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ACL Implementation Guide: Page 2 of 3

Configuring the two most common ACLs

While there are many ACL types, the most common ACLs used for filtering IP traffic are standard and extended. Each type has slightly different capabilities depending on what level of packet matching granularity you need. Let’s look at the capabilities of both ACL types and how to configure them.

Standard ACL

The most basic of all IP ACLs is the standard ACL. These ACLs are designated by using the ACL number between 1 and 99 and 1300 to 1999. Besides numbering an ACL so it is designated as standard, admins will specify source IP networks, as well as whether the ACL should permit or deny those specified networks. Note that only the source network can be used to identify traffic to filter on.

As an example, let's say that we want to configure a standard IP ACL that will block (deny) traffic from,  which is a network with a subnet mask of We want to permit all other IP traffic. To do that, we can use an ACL number between 1 and 99 that is unused. We can then specify the deny and permit statements as follows:


Note that ACLs use what is known as a wildcard mask to specify the subnetwork. So instead of using a mask of for the network, the wildcard mask configured in the ACL entry should be Also, make sure you understand that we must have the permit statement on the second line of the ACL. Because each line of the ACL is read top down, the deny statement will identify any packets coming from /24. If the packet is coming from any other source, it will match the permit any statement, and be allowed through. If we did not have a permit statement, the implicit deny-any statement at the end of all ACLs would block all IP traffic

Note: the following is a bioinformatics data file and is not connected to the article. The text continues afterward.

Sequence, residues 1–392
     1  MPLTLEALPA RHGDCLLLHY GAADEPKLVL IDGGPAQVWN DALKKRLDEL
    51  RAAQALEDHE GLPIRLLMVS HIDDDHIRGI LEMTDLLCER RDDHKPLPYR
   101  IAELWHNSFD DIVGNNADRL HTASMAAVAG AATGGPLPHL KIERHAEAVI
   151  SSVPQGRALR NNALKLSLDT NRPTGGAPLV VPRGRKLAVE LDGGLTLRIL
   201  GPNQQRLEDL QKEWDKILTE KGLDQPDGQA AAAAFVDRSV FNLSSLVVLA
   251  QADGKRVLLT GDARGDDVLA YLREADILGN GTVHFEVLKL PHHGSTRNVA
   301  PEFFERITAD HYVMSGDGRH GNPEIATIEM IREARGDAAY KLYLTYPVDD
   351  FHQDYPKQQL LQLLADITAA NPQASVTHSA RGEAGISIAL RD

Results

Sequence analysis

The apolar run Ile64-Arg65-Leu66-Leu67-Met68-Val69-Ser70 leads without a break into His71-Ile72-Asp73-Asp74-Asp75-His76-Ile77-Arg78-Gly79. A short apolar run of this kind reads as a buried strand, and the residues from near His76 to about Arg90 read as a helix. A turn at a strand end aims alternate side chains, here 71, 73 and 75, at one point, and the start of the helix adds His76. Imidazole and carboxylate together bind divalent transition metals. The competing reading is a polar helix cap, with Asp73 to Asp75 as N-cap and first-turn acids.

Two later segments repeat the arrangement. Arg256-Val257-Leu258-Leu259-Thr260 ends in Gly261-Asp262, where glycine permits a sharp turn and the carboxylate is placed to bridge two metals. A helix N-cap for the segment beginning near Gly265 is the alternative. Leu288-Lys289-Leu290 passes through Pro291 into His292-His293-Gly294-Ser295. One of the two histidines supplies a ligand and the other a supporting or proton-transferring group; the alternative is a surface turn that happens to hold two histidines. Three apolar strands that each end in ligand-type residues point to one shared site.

Extended ACL

Extended ACLs are just like the standard ones with the exception that protocol and port information can be used and both the source and destination networks may be defined in the rules. Extended ACLs use designated numbers 100 through 199 and 2000 to 2699. Just like standard ACL's, the subnet mask uses wildcard masks when configuring the subnetwork. Extended ACLs can be configured to match an IP (which includes both TCP and UDP), TCP, UDP or any number of additional protocols as shown below.


In this example, we will create an extended ACL that will match traffic with a source IP of, headed to a specific host destination of on TCP port 80. This traffic will be denied. A second rule will specify that all other traffic will be permitted.


As you can see, when we specify both the source and destination networks, the source IP network is entered first, followed by the destination IP network. The eq 80 in the first access control entry is a match rule specifying that the port equals (eq) TCP port 80 exactly. There are many other match options such as ranges of ports, greater than, less than and quality of service (QoS) markings, among others. Here are all the options available: